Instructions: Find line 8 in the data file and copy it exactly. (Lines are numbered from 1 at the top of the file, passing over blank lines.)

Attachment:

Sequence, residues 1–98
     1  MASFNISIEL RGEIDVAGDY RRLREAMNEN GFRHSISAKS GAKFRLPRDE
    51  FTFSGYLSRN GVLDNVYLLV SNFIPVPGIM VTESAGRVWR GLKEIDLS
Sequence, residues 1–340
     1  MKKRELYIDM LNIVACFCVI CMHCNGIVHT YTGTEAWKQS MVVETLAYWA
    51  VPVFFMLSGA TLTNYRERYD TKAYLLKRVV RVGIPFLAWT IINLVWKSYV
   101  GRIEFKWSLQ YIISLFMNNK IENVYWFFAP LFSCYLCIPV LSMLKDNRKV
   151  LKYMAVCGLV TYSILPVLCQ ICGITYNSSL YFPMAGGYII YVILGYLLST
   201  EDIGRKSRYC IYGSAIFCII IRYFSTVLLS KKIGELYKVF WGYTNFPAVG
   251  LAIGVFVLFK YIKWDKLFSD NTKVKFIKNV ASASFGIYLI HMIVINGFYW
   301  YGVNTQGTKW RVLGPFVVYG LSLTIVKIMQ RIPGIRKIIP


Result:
   151  LKYMAVCGLV TYSILPVLCQ ICGITYNSSL YFPMAGGYII YVILGYLLST